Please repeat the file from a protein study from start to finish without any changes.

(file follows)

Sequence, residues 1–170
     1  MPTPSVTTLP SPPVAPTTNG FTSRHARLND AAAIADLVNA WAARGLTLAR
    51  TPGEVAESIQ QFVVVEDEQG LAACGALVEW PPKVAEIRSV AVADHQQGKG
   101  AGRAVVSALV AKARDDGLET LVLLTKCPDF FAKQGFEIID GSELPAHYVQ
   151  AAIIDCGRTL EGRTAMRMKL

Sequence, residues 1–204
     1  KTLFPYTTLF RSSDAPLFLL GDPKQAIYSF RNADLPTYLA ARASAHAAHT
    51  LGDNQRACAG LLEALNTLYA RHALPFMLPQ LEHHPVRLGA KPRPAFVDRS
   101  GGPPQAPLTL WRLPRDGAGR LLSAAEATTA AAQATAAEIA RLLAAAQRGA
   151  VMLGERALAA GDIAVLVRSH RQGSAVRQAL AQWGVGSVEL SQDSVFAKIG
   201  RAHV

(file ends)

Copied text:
Sequence, residues 1–170
     1  MPTPSVTTLP SPPVAPTTNG FTSRHARLND AAAIADLVNA WAARGLTLAR
    51  TPGEVAESIQ QFVVVEDEQG LAACGALVEW PPKVAEIRSV AVADHQQGKG
   101  AGRAVVSALV AKARDDGLET LVLLTKCPDF FAKQGFEIID GSELPAHYVQ
   151  AAIIDCGRTL EGRTAMRMKL

Sequence, residues 1–204
     1  KTLFPYTTLF RSSDAPLFLL GDPKQAIYSF RNADLPTYLA ARASAHAAHT
    51  LGDNQRACAG LLEALNTLYA RHALPFMLPQ LEHHPVRLGA KPRPAFVDRS
   101  GGPPQAPLTL WRLPRDGAGR LLSAAEATTA AAQATAAEIA RLLAAAQRGA
   151  VMLGERALAA GDIAVLVRSH RQGSAVRQAL AQWGVGSVEL SQDSVFAKIG
   201  RAHV